• Low Requirement of Reserves: A freely floating exchange system does not require the central bank to hold massive reserves. This is because the Central Bank does not have to conduct active trading operations in order to maintain the value of the currency.

    Central Bank operations are a very rare event for countries that have a floating rate system. This is a major advantage of this system since holding foreign exchange for trading purposes is an expensive strategy.

    Firstly, it requires the country to maintain a huge currency reserve. Then, it also requires the central bank to have an active trading desk 24 by7! The floating rate system is simply a lot more convenient since it does not have any such requirements.


The freely floating currency system also has its critics. They suggest that the system has a few serious flaws. Some of the important ones have been listed below:

  • Uncertainty: Firstly, a freely floating currency rate implies a lot of volatility. The value of currencies change on a real time basis. Also, since Forex market is not regulated, currency values could skyrocket or hit rock bottom in a matter of minutes.

    In the short run, traders find it difficult to engage in foreign trade since they are not aware of the exact prices that their goods will fetch them. Movements in the currency market can cause a significant dent in the profits of companies which indulge in foreign trade. However, these risks can be managed with tools like hedging.

  • Allocation of Resources: At a macro level, the economy faces a problem while allocating resources. This is because as exchange rates change so does the benefit that can be derived from resources.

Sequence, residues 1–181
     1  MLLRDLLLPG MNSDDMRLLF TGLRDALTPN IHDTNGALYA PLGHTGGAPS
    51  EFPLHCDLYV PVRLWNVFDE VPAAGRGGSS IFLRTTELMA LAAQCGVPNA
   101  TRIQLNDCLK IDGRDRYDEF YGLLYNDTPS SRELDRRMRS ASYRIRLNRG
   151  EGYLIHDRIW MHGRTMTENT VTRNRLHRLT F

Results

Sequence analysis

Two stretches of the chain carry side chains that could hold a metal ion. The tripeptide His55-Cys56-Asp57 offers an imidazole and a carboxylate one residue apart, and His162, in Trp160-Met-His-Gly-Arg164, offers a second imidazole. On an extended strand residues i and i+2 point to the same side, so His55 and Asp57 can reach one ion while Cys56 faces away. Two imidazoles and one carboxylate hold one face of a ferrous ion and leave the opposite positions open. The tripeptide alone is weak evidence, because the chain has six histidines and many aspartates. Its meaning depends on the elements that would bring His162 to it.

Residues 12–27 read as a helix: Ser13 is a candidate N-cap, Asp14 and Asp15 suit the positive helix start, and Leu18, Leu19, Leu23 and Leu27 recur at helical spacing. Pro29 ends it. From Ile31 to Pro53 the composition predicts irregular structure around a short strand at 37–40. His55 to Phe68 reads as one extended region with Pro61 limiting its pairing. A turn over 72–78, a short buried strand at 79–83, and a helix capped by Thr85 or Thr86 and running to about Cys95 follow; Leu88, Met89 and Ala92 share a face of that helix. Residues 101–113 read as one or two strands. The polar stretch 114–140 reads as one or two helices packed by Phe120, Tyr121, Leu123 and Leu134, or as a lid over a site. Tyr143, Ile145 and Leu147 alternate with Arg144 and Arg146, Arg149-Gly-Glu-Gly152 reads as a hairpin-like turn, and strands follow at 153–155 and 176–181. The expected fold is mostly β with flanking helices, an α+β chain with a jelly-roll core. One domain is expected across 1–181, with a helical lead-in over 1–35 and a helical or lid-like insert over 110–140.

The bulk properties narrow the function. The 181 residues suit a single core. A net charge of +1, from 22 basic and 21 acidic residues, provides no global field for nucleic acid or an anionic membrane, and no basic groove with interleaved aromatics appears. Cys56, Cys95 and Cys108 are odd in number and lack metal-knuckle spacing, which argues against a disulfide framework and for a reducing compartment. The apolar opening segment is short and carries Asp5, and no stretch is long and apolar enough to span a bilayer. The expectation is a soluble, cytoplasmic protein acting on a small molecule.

For instance, a rising exchange rate makes imports a better option whereas a falling rate makes exports easier. Hence, if exchange rate keeps of fluctuating, the country cannot really create a long term strategy and stick to it. The allocation of resources is optimized in the short run. However, in the long run, this allocation seems to be ad-hoc since it does not follow any given plan.

  • Lack of Discipline: Lastly, freely floating exchange rates only make sense if the country has sufficient internal control mechanisms in place. Hence, if there is likelihood that the monetary policy may be misused for personal gains by a group of influential people, then it is better to peg the currency to another more developed currency. In this way, fiscal discipline is imposed on the economy. Freely floating currencies provide independence. However, the independence can only be utilized if the economy is disciplined enough.

    It is for this reason that a lot of third world countries prefer to peg their monetary policy to major currencies like the dollar or the euro.

Therefore, the advantages of fixed rate system are the disadvantages of the floating rate system and vice versa. The choice between these two systems is therefore an ideological choice. There are no right or wrong answers. Rather the appropriate choice depends on how the country views the Forex markets and what its long term objectives are.